Breaking the silence: The impact of political violence in Sikh diaspora

Kiran Shahreen Kaur Arora, Syracuse University

Abstract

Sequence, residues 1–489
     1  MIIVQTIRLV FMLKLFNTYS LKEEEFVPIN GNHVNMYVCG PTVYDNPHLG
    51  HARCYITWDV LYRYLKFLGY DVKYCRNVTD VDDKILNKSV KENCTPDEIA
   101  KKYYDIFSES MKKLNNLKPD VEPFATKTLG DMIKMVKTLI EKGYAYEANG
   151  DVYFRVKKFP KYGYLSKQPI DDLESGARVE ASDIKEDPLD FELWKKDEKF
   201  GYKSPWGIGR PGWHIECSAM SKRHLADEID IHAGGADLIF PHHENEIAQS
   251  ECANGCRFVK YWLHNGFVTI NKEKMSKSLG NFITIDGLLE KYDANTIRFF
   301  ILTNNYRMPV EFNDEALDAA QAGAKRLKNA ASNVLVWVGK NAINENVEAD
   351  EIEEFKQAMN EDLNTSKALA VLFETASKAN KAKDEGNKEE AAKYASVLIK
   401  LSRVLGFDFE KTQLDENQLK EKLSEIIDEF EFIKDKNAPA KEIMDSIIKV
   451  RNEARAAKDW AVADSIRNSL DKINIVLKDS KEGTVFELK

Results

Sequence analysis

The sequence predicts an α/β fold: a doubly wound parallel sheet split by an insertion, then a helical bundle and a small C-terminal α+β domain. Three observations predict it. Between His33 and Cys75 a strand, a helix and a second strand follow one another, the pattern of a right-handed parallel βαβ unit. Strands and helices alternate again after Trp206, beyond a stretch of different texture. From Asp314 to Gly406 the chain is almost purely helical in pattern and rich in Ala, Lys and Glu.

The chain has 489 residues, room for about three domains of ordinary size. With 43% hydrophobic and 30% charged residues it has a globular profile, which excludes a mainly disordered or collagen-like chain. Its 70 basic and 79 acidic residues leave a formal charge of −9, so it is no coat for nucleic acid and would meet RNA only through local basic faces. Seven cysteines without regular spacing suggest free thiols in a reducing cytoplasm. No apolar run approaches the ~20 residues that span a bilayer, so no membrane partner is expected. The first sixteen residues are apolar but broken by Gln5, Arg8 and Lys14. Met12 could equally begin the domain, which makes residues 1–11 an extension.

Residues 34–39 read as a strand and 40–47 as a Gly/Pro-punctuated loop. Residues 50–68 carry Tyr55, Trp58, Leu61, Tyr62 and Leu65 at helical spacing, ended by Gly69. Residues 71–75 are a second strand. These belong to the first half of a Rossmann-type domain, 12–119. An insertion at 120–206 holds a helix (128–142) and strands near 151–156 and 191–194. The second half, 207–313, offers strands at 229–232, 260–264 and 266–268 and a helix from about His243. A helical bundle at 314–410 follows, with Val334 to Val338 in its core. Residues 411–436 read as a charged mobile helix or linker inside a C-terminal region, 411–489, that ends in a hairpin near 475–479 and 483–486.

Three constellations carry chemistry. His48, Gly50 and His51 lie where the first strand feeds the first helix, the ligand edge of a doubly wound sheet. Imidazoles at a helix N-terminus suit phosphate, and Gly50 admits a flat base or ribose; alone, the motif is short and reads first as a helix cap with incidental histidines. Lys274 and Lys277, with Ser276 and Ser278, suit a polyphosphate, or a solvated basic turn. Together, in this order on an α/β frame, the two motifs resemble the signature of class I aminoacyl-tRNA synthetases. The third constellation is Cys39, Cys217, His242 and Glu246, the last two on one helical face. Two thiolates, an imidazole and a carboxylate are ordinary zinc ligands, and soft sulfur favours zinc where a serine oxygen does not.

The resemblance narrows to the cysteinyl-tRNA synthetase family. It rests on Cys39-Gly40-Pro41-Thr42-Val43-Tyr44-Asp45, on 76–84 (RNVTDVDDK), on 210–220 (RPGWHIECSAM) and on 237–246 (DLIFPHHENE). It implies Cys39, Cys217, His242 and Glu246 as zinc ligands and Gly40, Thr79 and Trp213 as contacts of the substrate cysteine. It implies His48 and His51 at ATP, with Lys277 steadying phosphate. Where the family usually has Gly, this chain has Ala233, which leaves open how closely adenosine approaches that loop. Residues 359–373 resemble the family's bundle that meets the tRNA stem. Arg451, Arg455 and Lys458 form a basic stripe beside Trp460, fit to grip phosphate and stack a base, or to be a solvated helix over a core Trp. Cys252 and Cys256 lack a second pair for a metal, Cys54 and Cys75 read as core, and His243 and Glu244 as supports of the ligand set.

Sikhs constitute roughly 2% of India's population and are the majority in the state of Punjab. Sikhs have held grievances with the Hindu majority government over land and language rights. Political violence erupted in Punjab in the 1980's. In particular, the Indian government conducted Operation Bluestar in 1984, in an attempt to flush militants and pilgrims out of their holy place, The Golden Temple, as well as other "crackdowns" where Sikhs were disappeared, killed and tortured. The Sikh diaspora who form the greatest South Asian minority group in Canada are intimately tied to the political violence in Punjab. This qualitative study examined the impact of political violence on Sikh diaspora in Vancouver, Canada and their perspectives on the political violence in Punjab, India. The purpose was also to highlight the connections Sikh diaspora make between the political violence and their lives, their relationships and the perceptions people hold of them. A sample of 10 participants who identified as Sikh diaspora, were recruited. Their ages ranged from 21-56 years with a mean age of 32 years. Interviews revealed that several dominant discourses on who Sikhs are as a people exist, and these impacted their lives. Participants discussed how the political violence impacted their lives, relationships, and the perceptions people hold of them, in multiple ways. Understanding the struggles Sikhs have experienced and viewing their lives and relationships on a continuum of trauma were discussed as clinical implications for marriage and family therapists and researchers.